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March 1, 2023

On a trip to Key Largo, students get an up-close look at sea life


As their friends made brief trips home or remained on the St. Paul’s School grounds for a few days of rest and relaxation, during Mid-winter Recess Feb. 3-6, a dozen Fifth and Sixth Formers went to school with bony fish, stingrays, mantis shrimp, upside-down jellyfish, sea turtles, manatees, barracuda and even a few non-predatory shark species. Members of Science Teacher Davies Cabot’s Marine Biology class, the students spent four days immersed in the living laboratory of Key Largo, Florida, putting to work the classroom knowledge they’d developed during a Winter Term unit focused on sea life in the open ocean.

Under the supervision of Cabot and first year Science Teacher KC Hambleton, the students explored coral reefs, mangroves and seagrass beds; studied water quality; and contemplated sea pollution by day. In the evenings, they ran labs to delve deeper into the ecology of marine organisms.

“They bring back to the classroom the energy and the enthusiasm of having experienced marine life in a natural habitat,” Cabot says of the trip’s mission, “because now they’ve actually looked at the subject live rather than what we do here, where we’re mostly looking at images.”

The Marine Biology off-campus program dates back more than two decades, with classes alternating excursions to Key Largo’s MarineLab with those to the Island School in the Bahamas, initially under the supervision of Cabot’s predecessor, Ellen Bryan. The 2023 trip marked the first time Cabot has been able to travel with students for the scientific mission since February 2020. Once in Florida, this year’s group settled into the dormitory on the MarineLab campus before embarking on a series of snorkeling tours around reefs and completing labs that examined topics from microplastics to invertebrate diversity and behavior.

Each day, students took samples from the water and then identified different types of phytoplankton and zooplankton under the microscope — a highlight, says Ella Raniolo ’23. During snorkeling excursions, they collected small seahorses to examine closer in the lab, and witnessed a nurse shark feeding in a mangrove from a few feet away. A highlight of the trip came on the final night, when, armed with glow sticks and flashlights, the group snorkeled in a lagoon to study nocturnal adaptations. For Ryan Doherty ’23, the chance to be immersed in a marine ecosystem was both exhilarating and educational.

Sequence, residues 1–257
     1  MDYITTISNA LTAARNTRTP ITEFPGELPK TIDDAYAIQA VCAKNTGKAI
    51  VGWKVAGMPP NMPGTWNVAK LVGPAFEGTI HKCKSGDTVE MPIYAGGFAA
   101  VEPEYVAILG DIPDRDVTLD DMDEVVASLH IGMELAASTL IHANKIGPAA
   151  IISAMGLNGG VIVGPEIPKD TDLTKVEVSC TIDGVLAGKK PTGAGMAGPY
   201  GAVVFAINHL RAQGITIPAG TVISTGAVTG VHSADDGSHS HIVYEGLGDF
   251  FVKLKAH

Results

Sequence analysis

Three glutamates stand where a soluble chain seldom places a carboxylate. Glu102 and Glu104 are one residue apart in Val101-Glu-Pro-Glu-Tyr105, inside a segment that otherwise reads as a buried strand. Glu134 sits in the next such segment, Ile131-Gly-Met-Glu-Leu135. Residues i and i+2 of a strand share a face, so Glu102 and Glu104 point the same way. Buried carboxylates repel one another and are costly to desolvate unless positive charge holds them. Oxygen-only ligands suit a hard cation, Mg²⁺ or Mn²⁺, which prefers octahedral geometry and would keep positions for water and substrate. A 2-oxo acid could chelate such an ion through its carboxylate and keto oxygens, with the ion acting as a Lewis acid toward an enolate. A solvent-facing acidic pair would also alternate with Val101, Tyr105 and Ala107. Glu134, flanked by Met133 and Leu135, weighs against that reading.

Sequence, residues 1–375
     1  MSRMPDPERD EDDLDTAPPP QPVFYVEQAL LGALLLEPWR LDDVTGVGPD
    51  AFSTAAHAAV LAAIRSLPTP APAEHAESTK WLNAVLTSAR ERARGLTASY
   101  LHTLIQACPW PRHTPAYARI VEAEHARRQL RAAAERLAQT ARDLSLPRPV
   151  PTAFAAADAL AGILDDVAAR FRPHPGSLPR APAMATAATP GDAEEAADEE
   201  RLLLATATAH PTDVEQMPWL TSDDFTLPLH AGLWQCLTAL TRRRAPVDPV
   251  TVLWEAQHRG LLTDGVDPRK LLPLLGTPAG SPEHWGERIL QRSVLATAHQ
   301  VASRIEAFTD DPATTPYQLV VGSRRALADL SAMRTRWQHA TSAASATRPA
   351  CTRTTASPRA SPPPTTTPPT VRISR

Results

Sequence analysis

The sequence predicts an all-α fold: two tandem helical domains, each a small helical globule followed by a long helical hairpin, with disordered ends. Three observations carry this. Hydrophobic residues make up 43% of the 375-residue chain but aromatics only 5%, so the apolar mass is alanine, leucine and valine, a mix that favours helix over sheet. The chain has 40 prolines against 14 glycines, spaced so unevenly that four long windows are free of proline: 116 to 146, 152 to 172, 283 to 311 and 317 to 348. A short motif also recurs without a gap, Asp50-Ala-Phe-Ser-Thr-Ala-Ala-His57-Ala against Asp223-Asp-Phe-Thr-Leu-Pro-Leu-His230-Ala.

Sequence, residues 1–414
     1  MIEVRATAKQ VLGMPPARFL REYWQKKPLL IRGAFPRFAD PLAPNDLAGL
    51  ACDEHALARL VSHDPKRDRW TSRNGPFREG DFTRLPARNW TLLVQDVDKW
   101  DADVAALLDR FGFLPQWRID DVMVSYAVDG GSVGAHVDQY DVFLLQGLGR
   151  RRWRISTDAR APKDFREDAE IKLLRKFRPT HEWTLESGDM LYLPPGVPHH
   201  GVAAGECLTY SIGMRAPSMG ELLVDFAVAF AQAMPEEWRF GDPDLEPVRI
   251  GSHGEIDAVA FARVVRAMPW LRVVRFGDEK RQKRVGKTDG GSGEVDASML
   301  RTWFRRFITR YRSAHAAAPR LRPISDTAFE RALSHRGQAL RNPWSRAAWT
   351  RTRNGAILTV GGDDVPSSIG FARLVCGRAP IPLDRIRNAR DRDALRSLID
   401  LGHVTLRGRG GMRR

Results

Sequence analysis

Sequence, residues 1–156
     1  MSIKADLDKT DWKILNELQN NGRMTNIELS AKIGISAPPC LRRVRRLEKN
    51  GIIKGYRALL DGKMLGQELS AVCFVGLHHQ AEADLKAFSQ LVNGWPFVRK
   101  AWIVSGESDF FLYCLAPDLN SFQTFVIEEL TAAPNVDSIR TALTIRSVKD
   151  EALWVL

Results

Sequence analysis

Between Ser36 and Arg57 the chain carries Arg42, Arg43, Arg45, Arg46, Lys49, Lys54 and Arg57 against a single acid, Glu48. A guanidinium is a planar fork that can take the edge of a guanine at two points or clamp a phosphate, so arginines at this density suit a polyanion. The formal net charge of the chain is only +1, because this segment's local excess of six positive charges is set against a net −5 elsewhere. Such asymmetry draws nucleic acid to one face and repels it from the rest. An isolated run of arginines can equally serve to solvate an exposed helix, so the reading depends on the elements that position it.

“Being hands-on enhanced my perspective of marine life greatly,” says Doherty, whose personal favorite was the damselfish, which uses disruptive body coloration and a false eye on its caudal fin to dissuade predators. “It’s one thing to be learning about these marine animals in a classroom, but quite another to go out into the ocean and swim with them. I felt I had more to contribute to the class [when we came back] because I had seen many of those things in person.”

While engagement with sea life was a new experience for many of the students who went to Key Largo, Cabot regularly uses the ecosystem surrounding SPS grounds to deliver experiential learning. With the Fall Term dedicated to the study of freshwater systems, class members often spent lab periods outdoors, collecting plankton and macroinvertebrates, catching fish and taking water-quality samples from Lower School Pond.

“The differences are very dramatic,” Cabot says of the freshwater versus saltwater discoveries.

Cabot believes the most underrated part of the off-campus expedition is the camaraderie the students experience as they learn new things together. While not everyone elects to go, for those who do, he says, “it reinforces a lot of what we teach about already, but they also come back with an experience they can share with the other kids in the class.”